hearted Converse Gray Draude offered balance
"From day one, June Draude has been the heart of the Saskatchewan Party," Premier Brad Wall generously offered Wednesday. He is only partly correct. The "heart" of the Sask. Party in terms of the vital organ pumping life blood through the body is still Wall. But in the poet's sense of the heart, as the home of kindness and empathy, it is Draude.
A common misconception is that politicians are judged by their worst moments.
First elected in 1995, Draude took the bold step of joining Progressive Conservatives to form the Sask. Party two years later. As a woman, a loyal supporter of former Liberal leader Lynda Haverstock and someone clearly perceived as a "liberal", Draude brought much to the fledgling party.
is also changing. This is best represented by the fact that Hutchinson was defeated in attempt to represent one of the newest, most rapidly growing parts of the province by a relatively new arrival, Muhammad Fiaz.
For this reason, political parties always require a certain balance, which takes us to why Draude's 19 year career as Kelvington Wadena MLA should be looked upon with fondness and why her pending departure will be a big blow to the Sask. Party.
As impenetrable as the Sask. Party's 63 per cent mid second term approval rating truly is, it should be noted that its success is based on three things: a strong economy, the likability of Wall as its front man, and the sense among voters that the Sask. Party is in sync with their needs, aspirations and views.
To suggest that Draude has shone throughout her political career would be inaccurate. She simply was not a good Crown corporations minister. But matched with the right "soft side" portfolios, Draude did wonders in her advocacy for the disabled, the intellectually challenged who now have access to group homes, urban First Nations people, those helped by Habitat for Humanity, etc.
They are not, but they aren't exclusively judged by their best moments, either. It's far more balanced, as politicians tend to be measured by their entire contribution.
electorate, respectively. The latter point, however, has been earned by people like Draude who showed there was room in the Sask. Party tent for non conservatives. Of course, Wall argued Draude's lesson that "there's no point in prosperity unless it benefits society" has been passed on to others in the Sask. Party. "I think we all, individually, strive for that balance," Wall said.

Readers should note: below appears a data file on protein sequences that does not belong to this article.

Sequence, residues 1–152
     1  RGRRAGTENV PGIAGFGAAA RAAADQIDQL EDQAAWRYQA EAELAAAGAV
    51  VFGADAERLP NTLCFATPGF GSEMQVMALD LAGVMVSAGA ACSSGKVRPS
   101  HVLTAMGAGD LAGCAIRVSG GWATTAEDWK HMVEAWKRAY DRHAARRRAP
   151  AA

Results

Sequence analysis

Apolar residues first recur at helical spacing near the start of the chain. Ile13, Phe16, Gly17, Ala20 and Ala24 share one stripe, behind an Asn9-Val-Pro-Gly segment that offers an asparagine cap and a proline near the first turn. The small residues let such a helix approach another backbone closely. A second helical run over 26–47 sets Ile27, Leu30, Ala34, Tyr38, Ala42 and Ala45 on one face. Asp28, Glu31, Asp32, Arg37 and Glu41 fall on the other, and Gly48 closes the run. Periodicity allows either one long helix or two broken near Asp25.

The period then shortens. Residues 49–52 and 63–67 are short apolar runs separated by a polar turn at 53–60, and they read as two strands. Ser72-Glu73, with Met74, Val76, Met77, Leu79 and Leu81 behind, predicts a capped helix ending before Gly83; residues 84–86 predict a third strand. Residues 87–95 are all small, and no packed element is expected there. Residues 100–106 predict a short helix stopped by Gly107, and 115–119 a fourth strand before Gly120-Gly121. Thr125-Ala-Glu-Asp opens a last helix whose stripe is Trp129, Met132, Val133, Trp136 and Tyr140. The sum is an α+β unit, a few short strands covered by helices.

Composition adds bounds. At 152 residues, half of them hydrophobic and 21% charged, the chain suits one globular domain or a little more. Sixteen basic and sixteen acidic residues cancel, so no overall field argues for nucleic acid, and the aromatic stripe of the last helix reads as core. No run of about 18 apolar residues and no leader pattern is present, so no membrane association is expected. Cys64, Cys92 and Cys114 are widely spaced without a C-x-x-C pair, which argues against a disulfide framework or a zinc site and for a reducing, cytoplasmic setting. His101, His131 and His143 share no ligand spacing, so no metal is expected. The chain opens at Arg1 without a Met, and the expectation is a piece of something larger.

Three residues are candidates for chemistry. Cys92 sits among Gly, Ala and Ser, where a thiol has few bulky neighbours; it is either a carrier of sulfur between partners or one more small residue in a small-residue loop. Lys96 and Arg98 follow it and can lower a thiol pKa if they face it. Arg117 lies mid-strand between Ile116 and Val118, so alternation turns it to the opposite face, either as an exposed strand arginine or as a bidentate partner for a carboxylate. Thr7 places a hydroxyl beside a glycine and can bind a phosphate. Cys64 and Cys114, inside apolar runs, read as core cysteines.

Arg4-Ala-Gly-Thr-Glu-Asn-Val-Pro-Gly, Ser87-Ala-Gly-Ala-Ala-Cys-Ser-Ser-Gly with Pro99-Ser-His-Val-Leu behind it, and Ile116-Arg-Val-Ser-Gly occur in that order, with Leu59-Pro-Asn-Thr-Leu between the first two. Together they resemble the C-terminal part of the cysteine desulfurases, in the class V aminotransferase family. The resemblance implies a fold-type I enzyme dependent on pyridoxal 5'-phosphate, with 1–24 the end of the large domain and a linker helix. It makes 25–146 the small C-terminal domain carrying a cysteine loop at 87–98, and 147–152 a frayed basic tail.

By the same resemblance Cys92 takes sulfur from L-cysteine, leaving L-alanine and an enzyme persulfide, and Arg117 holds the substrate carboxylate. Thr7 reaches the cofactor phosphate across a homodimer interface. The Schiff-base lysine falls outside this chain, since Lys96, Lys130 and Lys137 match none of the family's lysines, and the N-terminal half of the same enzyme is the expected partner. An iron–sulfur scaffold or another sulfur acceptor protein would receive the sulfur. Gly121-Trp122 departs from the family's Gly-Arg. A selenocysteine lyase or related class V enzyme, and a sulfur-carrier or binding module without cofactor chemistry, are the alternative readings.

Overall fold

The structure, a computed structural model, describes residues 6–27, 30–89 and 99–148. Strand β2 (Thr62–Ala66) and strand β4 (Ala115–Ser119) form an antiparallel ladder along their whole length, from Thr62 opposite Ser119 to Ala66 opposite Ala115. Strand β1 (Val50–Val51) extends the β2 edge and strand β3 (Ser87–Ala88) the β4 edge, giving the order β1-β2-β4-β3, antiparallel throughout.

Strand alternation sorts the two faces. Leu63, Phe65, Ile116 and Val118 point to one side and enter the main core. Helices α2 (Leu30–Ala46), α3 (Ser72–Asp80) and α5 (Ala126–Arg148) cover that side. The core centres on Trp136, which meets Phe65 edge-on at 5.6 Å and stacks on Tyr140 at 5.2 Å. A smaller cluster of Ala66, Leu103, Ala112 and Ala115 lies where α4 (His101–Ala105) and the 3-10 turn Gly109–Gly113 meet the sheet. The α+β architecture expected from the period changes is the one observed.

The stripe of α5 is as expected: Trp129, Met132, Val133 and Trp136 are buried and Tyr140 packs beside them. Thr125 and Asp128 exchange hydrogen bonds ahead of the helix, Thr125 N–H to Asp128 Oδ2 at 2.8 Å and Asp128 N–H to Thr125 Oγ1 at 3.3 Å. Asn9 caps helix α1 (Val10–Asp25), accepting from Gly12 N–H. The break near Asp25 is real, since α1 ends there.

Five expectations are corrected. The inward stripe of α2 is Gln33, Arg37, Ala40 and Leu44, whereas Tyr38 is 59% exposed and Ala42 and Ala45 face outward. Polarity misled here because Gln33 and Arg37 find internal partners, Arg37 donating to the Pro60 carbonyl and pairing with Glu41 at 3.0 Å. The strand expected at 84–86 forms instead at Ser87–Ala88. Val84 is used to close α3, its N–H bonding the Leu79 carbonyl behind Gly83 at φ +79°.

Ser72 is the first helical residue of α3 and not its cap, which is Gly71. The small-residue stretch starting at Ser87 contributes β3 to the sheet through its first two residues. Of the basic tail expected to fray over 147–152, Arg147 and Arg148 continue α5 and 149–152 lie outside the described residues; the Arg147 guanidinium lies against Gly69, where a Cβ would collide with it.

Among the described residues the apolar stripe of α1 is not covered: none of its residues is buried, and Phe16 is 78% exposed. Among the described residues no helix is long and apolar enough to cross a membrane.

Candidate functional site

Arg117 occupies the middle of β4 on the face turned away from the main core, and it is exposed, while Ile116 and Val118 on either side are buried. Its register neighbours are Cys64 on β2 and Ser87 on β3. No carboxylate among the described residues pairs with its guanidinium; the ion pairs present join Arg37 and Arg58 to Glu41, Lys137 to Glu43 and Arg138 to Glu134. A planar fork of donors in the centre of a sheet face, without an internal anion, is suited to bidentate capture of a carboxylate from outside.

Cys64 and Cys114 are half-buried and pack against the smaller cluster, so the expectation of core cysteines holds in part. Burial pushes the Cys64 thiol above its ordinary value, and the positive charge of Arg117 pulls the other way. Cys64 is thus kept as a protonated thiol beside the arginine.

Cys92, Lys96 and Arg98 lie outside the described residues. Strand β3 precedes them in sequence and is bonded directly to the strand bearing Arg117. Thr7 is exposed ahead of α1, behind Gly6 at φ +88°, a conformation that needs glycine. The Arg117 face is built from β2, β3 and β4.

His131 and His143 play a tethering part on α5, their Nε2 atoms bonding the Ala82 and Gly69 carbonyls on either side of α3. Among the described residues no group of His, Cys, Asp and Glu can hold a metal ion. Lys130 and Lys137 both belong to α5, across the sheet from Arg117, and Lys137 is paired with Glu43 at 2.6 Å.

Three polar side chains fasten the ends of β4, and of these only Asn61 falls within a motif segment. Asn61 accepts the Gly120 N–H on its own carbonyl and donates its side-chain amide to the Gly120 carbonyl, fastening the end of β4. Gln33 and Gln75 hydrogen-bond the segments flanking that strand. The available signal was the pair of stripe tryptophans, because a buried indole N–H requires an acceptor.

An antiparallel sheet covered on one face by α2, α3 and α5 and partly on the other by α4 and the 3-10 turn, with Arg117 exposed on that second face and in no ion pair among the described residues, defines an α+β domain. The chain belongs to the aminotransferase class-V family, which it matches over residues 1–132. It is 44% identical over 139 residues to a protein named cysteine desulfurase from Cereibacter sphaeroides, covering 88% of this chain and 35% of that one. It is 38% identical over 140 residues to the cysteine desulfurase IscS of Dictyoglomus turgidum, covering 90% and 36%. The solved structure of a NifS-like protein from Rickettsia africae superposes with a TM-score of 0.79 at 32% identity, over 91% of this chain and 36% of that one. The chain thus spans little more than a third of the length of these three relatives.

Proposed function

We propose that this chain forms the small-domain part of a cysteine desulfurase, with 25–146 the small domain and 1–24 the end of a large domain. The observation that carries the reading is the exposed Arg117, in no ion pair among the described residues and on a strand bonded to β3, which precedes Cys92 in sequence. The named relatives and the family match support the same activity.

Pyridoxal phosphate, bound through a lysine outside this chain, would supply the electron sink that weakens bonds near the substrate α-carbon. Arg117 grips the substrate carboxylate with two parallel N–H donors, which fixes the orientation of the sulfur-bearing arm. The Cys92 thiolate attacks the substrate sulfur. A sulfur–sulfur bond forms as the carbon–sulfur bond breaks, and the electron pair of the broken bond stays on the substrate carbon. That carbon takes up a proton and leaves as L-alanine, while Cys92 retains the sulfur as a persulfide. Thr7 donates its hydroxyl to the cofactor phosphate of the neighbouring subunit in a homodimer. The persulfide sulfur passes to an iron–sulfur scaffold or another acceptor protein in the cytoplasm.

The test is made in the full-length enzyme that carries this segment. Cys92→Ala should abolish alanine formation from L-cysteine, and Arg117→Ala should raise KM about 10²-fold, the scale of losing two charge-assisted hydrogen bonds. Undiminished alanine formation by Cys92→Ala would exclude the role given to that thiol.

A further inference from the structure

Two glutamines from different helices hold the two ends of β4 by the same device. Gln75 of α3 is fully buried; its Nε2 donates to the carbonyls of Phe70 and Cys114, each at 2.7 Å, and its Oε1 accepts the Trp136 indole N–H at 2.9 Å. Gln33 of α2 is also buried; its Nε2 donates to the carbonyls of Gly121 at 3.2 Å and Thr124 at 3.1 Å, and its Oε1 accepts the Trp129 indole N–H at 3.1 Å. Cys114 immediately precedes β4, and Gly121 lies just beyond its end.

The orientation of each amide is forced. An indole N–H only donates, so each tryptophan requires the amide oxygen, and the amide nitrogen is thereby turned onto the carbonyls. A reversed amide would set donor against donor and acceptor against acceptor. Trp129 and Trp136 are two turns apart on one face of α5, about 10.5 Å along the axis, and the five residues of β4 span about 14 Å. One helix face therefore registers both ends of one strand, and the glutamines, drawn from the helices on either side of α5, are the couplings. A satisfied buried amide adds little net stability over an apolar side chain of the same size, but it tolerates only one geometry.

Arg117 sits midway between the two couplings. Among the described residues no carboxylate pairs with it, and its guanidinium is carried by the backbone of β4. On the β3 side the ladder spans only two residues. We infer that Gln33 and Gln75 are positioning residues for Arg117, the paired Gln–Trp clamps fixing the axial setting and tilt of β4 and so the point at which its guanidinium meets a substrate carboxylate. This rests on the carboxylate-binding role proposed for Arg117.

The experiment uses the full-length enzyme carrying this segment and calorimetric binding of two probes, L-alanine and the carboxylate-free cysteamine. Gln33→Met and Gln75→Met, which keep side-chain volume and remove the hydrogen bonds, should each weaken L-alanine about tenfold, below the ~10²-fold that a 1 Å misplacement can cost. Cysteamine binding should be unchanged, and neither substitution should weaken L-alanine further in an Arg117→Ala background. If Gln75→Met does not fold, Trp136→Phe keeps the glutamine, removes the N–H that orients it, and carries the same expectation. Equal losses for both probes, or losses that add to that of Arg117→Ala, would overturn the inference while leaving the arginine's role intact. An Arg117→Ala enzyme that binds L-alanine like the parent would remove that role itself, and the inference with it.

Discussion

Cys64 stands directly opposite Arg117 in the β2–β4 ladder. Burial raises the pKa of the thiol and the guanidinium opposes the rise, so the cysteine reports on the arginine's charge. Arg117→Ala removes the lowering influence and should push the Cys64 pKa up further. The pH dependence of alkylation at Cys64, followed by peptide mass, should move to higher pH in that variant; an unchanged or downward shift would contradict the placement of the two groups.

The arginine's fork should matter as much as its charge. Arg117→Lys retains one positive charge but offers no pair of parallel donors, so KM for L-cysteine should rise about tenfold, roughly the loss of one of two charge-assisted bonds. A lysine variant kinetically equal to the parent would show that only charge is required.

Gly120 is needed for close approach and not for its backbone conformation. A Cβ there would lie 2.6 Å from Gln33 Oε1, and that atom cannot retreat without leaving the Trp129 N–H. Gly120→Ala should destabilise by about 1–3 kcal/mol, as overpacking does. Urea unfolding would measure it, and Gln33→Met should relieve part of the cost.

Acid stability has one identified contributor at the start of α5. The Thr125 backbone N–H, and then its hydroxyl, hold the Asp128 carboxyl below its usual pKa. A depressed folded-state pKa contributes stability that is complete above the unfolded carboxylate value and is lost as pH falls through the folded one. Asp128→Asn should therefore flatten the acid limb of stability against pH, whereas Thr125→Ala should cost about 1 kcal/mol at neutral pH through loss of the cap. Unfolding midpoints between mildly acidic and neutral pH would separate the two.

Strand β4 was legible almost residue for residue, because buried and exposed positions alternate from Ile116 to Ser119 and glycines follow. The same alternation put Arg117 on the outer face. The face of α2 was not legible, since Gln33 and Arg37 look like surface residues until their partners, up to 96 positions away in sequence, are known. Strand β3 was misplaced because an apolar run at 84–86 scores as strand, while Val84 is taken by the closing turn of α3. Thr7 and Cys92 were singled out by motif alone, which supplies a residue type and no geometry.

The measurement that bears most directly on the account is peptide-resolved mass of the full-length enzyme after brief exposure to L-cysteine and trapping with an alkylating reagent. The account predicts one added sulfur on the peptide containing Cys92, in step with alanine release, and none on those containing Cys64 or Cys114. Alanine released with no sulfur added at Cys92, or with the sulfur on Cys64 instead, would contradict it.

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This is how we should view retiring Social Services Minister June Draude, who has been judged rather harshly of late for her vanity trip to Ghana and London last year. Such a questionable decision should not taint a political career that has been all about making Saskatchewan a better place.
But younger ministers like Nancy Heppner, Tim McMillan and Jeremy Harrison all of whom learned their politics in the hard hearted Conservative/Reform ranks don't sound like they've learned much from Draude. Short of Mark Docherty and Jennifer Campeau, there aren't many liberals in the government backbenches.
On the heels of Finance Minister Ken Krawetz's retirement announcement Monday, Draude joins a growing list of senior Saskatchewan Party MLAs calling it quits that includes Bob Bjornerud and Don Toth (who very quietly announced his departure to constituents two weeks ago), Darryl Hickie and Yogi Huyghebaert.
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As the face of Saskatchewan changes, the Sask. Party needs balance more than ever.
Add to this list Bill Hutchinson, who was defeated in his bid for the Regina Pasqua nomination this week. Like the very face of the province, the face of Sask. Party Converse Leather
It has been a melancholy week for the Sask. Party with the announced retirement of the two more of its eight founding members, leaving only Economy Minister Bill Boyd and Speaker Dan D'Autremont. Of the original eight, it was Krawetz and Draude who provided the Sask. Party with its needed balance.
The two former points are at the mercy of a fickle natural resource sector and the Converse High Tops Grey
Draude's departure clearly disrupts that balance.
Few seem to remember the early days of the Sask. Party when social/fiscal conservatives tried to remake the party in their own image by demanding boot camps for youth, chain gangs for inmates, an end to the human rights commission and especially tough restrictions on social assistance recipients.
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Alas, her departure puts the Sask. Party at risk of becoming exactly what Draude helped it avoid.
who became the party's conscience, it was Draude who even before Wall was the party's kind heart. And nowhere did she serve the party and the province better in that role than as minister of social services and Metis and First Nations relations.
Mandryk is the political columnist for the Leader Post. When Canada found itself in the fight against .
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